Speaking about Buyers Journey at NAWBO Silicon Valley

Come join me on November 15th for dinner and a talk at 6pm to the NAWBO Expo about the Buyers Journey. Location is at the Biltmore Hotel & Suites, 2151 Laurelwood Road, Santa Clara, CA 95054. Growth in this economic rebound has a different set of rules: Markets are transparent, buying is social, products and services must be sticky, buyers place more importance on the lifetime experience than on the purchase, and they expect to realize value long before they purchase your solution. To grow in this new economy demands that companies adjust not only how they market and sell but drive faster revenue cycles.  

DreamForce 11: Discovering Cloud Extend

Arriving at DreamForce the check-in was smooth either because most of the 42,000 attendees hadn't arrived yet or were off doing something cool. Based on the Twitter feed for #DF11, my guess is that the sessions are excellent.  I grabbed my badge and the obligatory logoed backpack (which actually is pretty cool) before racing off to meet Mark Taber, CEO of Active Endpoints. Mark and I spent a lot of time talking about the Buyers Journey. His experience in aligning to the Buyer proved that the methodology not only demonstrable accelerates revenue cycles but also reduces Cost of Sales. But that is a topic for a different post. What initially interested me in talking with Mark was their new Cloud Extend product.  

Join me for a Free Webinar on Alignment

BrightTalk has invited me to shared best practices, real life case examples and a road map for how to align Sales and Marketing.  This free webinar will be held on October 19th at 10:00am pacific time.  From the prospect to up-sell stages, organizations have a great opportunity to accelerate their revenue cycles by enabling marketing and sales to function as a unified team.  Aligned Sales and Marketing teams are more efficient, close more sales and have happier customers. Attend this webinar to find out the seven steps you can take to accomplish this, complete with supporting case studies.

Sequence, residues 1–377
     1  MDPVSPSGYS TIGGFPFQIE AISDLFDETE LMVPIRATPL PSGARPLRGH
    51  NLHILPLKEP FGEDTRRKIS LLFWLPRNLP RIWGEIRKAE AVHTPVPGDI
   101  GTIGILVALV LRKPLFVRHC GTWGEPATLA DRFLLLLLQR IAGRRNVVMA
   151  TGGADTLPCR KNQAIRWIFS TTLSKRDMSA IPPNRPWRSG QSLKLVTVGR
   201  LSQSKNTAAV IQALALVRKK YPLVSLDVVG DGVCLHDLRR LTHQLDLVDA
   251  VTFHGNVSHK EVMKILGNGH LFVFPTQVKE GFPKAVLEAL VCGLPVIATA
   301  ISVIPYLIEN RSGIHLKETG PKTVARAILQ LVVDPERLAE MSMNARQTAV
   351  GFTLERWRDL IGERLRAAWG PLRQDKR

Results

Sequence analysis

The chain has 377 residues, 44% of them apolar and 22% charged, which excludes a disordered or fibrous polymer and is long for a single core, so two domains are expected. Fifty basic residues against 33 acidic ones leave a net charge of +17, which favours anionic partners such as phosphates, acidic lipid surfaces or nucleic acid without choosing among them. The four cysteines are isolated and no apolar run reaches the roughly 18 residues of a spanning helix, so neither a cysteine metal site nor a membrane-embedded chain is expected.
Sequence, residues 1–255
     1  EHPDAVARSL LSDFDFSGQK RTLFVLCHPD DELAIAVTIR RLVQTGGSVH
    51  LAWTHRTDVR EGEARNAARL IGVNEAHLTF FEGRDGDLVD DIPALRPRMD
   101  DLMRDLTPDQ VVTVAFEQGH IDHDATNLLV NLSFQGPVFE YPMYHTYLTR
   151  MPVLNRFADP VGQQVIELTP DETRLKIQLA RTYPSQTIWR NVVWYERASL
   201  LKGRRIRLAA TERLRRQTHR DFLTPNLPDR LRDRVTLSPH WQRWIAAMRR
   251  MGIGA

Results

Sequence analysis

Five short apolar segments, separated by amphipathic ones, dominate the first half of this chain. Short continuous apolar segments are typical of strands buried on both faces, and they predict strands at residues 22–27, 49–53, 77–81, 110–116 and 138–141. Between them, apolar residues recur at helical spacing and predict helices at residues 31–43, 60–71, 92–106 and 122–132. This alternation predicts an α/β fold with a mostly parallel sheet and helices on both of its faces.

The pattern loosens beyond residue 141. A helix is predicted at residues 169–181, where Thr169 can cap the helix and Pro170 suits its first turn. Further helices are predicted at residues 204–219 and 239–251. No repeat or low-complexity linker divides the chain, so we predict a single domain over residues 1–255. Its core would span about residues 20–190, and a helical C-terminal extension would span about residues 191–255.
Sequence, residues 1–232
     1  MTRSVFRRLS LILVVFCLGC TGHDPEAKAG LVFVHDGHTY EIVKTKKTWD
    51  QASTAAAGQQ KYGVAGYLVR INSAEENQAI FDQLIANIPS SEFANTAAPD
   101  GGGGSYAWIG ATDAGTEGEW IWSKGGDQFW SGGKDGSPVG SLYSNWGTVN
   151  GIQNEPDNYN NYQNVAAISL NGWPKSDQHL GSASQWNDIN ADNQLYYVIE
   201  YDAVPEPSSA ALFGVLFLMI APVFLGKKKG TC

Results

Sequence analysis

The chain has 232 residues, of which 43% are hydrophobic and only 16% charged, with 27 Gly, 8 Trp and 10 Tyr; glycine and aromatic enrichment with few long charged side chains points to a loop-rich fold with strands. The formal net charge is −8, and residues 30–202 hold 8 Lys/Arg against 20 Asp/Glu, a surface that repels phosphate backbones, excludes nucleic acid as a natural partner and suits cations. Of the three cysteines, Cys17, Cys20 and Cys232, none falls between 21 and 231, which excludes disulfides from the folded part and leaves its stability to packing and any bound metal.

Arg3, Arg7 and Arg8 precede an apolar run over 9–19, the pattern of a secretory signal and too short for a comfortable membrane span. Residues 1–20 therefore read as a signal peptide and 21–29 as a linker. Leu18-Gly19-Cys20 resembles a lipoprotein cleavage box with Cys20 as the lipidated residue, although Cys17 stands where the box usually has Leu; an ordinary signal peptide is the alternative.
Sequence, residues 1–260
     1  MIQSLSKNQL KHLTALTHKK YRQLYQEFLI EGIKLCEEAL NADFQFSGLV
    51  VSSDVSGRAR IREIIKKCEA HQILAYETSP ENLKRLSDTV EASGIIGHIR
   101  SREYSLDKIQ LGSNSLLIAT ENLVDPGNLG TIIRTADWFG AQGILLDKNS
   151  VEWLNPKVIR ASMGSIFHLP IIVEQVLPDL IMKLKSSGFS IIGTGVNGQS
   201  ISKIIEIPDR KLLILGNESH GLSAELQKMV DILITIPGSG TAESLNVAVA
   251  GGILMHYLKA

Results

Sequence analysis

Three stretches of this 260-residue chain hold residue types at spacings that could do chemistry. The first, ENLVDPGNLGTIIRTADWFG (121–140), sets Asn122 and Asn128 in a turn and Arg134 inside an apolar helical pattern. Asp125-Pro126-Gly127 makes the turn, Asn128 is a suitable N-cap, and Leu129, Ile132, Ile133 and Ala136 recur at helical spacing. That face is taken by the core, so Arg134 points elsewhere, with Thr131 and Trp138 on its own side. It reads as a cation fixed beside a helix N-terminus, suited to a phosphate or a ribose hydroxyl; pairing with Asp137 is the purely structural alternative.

Tipping Business (and our Economy) toward Growth

Tipping Point The market’s response to the S&P downgrade of American debt was panic.  The ‘Great American Downgrade’ is what I’m hearing it being referred to.  While the pundits argue over whether it was a ‘crash’ or a ‘correction’, the Senate, ironically, debates opening an investigation into S&P’s “irresponsible” act.  The looming question of whether this will trigger a double dip recession depends on how we look at the future. A glass can be either half full or half empty; it all depends on your perspective.  In the frenetic world of 7x24 news, social media, always-connected jobs and maxi-multi-tasking lives we often lose perspective.   It is as if we’re racing through a forest as fast as we can, seeing only the blur of the trees and believing we’re on the right trail.  

Mi6 and I talk Alignment

In this episode of the the B2B Specialists podcast Chris Herbert of Mi6 interviews me.   Get yourself a cup of coffee, tea or something stronger and enjoy the interview.  

Customer Acquisition is a Myth

The economy is working on rebounding and companies are gearing up.  Pipelines and revenues are heading north and hiring along with it.  But something in this rebound is different. For new sales hires, the expectation is that they join with a solid book of business and a pipeline already in hand; even for companies where the ramp time for sales people to achieve repeatable revenue productivity is six to nine months.  Same goes for marketers. Regardless of the market’s or company’s maturity or readiness the expectation of newly hired marketing leaders is that they produce a significant uptick in pipelines in 60 to 90 days, regardless of the capabilities or competence of marketing or sales. For many new hires, these are unrealistic and unachievable expectations.  Nevertheless, the message is loud and clear – growth comes only from net new customer acquisition.